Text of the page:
A movement against railway nationalisation unexpectedly provided an opportunity for the 1911 Revolution to succeed. After the ill-fated Yellow Flower Mound Uprising (黃花崗起義), a number of revolutionaries began laying the groundwork for the next uprising in Hubei Province (湖北) and other regions in the Yangtze’s middle reaches (長江中游). Coincidentally, the Qing government was trying to borrow a huge sum of money from the four-power banking consortium (banks of Britain, France, Germany, and the United States). A railway nationalisation policy drawn up by Sheng Xuanhuai (盛宣懷), the Minister of Posts and Communications was announced in May. The plan entailed the forced takeover of the Chuanhan Railway (川漢鐵路, connecting Sichuan﹝四川﹞ and Hubei﹝湖北﹞) and Yuehan Railway (粵漢鐵路, connecting Guangdong ﹝廣東﹞and Hubei) projects, both ventures backed by the locals of the provinces of Sichuan, Guangdong, Hubei, and Hunan (湖南). This generated public outcry in the four provinces, culminating in a nation-shaking movement for the retention of railway rights.
A flurry of protests was launched throughout the four provinces: branches of the Railway Protection League sprung up everywhere; an Army of Railway Protection Comrades (保路同志軍) was formed; business and student strikes were held; a growing movement to withhold grain taxes and stop monetary contributions to the railway took place, and so on. In September, Zhao Erfeng (趙爾豐), the Viceroy of Sichuan, captured several Railway Protection Movement’s leaders including Pu Dianjun (蒲殿俊), Luo Lun (羅綸), Deng Xiaoke (鄧孝可), and Zhang Lan (張瀾). He then ordered a slaughter on the protesters, which was later known as the staggering Chengdu Massacre (成都血案). Subsequently, armed revolts broke out all over Sichuan.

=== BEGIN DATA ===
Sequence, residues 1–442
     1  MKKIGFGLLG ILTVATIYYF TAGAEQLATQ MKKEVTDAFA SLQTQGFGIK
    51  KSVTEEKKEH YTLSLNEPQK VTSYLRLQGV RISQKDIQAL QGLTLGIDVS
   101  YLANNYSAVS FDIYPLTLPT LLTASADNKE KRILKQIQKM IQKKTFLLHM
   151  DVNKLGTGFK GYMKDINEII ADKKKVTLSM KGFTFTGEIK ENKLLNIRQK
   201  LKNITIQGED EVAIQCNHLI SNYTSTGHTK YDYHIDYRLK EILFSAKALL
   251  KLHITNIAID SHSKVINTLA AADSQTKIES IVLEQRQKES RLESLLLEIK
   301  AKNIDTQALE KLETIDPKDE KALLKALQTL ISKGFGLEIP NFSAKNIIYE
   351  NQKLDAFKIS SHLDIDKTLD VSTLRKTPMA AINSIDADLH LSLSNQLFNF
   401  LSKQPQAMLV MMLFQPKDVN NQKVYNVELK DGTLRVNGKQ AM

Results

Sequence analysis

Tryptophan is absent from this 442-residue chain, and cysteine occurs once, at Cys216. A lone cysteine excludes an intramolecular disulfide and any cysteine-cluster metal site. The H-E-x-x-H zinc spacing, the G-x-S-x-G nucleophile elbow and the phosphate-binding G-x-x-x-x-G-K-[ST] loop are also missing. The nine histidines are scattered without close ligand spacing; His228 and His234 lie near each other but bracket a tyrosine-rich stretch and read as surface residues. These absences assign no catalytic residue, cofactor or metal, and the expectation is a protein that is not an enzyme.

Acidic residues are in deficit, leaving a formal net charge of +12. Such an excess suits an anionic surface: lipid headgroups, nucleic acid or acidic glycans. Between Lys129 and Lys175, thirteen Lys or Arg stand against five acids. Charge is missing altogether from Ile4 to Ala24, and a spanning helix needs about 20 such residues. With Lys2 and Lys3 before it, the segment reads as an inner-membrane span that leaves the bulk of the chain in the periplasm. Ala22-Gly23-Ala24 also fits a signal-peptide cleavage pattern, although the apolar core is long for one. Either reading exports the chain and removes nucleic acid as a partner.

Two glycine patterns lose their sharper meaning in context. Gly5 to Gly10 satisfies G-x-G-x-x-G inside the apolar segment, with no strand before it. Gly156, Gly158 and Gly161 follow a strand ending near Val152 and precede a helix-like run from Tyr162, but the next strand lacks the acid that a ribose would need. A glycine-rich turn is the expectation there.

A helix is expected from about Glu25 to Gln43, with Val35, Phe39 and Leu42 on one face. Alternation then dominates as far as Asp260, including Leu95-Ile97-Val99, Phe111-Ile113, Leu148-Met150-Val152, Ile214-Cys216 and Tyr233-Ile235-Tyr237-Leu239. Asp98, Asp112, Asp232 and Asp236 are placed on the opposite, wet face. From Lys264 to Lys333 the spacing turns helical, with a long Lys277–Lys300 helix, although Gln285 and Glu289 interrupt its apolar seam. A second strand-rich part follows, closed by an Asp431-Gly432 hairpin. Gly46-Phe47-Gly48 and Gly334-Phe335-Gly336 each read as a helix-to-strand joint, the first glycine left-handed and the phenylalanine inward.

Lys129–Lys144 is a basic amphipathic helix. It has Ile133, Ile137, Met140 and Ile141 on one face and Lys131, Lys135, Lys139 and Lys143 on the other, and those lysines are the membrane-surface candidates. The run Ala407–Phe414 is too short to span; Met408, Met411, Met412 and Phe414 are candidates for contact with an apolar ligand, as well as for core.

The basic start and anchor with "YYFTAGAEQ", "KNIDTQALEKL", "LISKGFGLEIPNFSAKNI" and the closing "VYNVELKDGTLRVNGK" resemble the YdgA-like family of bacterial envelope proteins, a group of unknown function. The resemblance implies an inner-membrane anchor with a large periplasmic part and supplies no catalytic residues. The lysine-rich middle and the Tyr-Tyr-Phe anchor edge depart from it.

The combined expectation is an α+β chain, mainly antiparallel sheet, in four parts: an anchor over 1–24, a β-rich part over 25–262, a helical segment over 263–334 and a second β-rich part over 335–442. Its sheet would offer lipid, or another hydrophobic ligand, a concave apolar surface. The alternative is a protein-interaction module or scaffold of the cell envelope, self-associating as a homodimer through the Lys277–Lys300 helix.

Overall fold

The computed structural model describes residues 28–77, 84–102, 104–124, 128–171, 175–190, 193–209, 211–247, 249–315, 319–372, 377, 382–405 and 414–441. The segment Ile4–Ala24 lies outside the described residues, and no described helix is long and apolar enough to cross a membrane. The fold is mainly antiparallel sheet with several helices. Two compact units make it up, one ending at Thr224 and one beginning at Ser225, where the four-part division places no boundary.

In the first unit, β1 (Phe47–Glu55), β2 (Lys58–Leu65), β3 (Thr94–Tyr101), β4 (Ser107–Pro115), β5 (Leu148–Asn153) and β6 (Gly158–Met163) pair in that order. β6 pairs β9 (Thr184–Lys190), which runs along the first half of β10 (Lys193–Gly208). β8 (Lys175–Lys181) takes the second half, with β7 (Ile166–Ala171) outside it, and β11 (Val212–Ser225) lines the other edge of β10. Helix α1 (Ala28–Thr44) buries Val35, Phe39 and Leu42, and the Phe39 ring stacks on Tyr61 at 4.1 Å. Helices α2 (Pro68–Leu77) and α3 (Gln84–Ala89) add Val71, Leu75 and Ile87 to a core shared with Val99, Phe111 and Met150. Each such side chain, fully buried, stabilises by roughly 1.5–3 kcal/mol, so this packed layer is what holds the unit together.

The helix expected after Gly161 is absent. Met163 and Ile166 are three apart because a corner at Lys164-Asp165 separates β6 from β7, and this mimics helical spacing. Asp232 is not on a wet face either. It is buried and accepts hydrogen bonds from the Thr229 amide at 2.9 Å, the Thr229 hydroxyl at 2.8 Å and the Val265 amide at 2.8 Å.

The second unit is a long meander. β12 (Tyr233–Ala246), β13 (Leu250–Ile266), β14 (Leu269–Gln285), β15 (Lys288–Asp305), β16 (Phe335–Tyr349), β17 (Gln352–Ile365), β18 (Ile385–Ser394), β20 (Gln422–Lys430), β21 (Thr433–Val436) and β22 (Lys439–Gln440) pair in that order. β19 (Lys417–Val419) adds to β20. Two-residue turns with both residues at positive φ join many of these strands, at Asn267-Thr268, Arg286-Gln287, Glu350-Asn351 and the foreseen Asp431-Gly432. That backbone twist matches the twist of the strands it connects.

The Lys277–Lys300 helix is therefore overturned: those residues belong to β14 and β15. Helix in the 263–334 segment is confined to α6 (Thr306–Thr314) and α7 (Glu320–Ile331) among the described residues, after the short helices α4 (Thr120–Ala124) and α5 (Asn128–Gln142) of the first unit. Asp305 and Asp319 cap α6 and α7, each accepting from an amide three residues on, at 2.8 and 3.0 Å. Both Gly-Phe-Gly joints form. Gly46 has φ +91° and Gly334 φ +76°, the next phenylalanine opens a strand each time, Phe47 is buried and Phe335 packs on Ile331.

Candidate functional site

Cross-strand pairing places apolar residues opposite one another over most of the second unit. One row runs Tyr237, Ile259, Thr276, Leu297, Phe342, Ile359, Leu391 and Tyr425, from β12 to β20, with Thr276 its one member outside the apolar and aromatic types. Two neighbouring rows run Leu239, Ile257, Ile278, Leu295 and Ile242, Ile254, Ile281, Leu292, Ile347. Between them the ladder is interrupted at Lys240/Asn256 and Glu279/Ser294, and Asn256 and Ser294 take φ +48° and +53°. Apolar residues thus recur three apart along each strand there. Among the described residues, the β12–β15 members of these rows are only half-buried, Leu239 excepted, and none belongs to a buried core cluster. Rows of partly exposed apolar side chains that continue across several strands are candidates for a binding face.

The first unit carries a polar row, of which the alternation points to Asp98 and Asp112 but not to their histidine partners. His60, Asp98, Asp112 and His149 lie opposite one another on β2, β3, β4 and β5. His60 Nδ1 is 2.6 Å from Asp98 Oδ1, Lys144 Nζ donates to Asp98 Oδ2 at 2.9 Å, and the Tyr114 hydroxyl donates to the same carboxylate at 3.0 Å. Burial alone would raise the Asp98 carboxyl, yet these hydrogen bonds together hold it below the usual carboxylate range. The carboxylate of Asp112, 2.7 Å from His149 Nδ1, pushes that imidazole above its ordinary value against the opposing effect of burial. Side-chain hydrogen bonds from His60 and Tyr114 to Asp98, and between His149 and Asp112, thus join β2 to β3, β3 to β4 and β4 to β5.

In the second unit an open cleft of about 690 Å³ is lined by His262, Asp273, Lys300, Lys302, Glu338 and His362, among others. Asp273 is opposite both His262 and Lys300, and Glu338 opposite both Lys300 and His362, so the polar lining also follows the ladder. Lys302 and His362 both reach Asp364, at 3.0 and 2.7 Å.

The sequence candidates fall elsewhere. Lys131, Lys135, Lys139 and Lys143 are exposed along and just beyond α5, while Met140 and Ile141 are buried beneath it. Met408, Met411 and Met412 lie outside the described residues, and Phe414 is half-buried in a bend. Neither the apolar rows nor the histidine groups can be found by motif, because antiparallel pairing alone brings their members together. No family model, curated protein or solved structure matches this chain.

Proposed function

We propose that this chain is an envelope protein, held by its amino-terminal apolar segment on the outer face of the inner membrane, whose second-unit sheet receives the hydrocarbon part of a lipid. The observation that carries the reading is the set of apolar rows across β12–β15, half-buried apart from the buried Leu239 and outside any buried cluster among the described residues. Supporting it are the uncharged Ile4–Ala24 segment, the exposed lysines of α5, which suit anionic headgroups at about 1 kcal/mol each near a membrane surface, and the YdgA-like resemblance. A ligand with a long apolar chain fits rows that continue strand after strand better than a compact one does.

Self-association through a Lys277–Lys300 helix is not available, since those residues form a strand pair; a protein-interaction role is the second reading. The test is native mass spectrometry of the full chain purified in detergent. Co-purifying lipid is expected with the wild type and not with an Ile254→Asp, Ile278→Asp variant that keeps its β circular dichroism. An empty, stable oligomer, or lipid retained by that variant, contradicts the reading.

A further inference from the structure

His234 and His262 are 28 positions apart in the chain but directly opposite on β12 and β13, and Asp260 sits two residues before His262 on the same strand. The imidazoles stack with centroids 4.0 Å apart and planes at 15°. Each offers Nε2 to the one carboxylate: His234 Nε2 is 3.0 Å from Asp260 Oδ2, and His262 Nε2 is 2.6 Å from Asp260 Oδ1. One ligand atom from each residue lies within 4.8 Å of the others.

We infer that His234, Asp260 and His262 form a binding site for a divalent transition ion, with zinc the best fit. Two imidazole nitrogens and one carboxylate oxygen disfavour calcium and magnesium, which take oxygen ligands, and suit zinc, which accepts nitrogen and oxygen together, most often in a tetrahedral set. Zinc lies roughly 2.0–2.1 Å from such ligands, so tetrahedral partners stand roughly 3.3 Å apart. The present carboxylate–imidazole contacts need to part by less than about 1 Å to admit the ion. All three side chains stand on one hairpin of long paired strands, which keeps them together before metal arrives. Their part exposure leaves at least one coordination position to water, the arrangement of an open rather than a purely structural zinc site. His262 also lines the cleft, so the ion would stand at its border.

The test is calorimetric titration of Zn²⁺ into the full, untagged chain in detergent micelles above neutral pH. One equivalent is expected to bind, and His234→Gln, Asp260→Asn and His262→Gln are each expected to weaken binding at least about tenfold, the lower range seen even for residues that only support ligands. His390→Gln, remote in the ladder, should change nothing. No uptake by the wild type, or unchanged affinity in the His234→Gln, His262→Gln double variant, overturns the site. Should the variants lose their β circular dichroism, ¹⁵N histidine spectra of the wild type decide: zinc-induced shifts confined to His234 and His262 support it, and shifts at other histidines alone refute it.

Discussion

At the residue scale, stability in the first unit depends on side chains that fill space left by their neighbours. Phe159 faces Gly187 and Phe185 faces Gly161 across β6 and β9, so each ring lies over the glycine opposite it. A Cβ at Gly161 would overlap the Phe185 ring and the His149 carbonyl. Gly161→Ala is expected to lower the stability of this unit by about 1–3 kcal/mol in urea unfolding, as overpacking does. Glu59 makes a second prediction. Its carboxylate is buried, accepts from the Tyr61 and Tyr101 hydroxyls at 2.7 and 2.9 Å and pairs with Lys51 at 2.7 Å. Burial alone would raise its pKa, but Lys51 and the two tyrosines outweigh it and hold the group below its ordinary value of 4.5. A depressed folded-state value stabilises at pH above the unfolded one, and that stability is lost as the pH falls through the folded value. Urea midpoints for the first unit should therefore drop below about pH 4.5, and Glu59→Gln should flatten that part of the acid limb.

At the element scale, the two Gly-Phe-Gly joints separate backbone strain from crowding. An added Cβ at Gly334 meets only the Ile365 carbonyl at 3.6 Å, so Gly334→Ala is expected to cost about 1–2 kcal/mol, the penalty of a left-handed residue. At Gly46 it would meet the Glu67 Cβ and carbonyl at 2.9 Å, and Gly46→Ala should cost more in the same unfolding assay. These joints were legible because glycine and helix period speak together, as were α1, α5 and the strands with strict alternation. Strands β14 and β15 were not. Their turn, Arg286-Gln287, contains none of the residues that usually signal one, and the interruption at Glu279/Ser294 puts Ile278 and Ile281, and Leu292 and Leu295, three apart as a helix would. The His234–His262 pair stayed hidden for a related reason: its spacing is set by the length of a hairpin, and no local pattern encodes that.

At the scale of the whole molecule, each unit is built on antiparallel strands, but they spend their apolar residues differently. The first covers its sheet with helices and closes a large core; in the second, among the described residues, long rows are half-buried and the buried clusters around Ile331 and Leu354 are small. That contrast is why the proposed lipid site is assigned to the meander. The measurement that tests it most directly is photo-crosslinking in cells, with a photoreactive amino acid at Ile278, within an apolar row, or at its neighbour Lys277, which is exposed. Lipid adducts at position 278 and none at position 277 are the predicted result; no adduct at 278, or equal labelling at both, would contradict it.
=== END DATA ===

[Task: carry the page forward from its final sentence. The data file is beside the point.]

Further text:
To quell the revolts, the Qing government sent some military units stationed in neighbouring Hubei to Sichuan, weakening Hubei’s defences. Seizing the opportunity, the revolutionaries in Hubei directed their comrades in the Hubei New Army (湖北新軍) to revolt. This was the 1911 Revolution that would reverberate across the nation.
A 1905 prospectus of the Chuanhan Railway Company. The Late Qing Reform encouraged locally backed railway ventures. The Chuanhan and the Yuehan Railways were two examples.
Pictures from left to right: A share certificate of the merchant-run Chuanhan Railway project; a current affairs cartoon titled Farmers Take a Keen Interest in Railway-Related Affairs (《農民熱心路事》). The Sichuan public was largely in favour of constructing a railway and flocked to buy shares in the project.
The Chuanhan Railway project held its groundbreaking ceremony in Yichuang (宜昌) on 10 December 1909 (or 28 October of the first year of Emperor Xuantong’s﹝宣統﹞reign).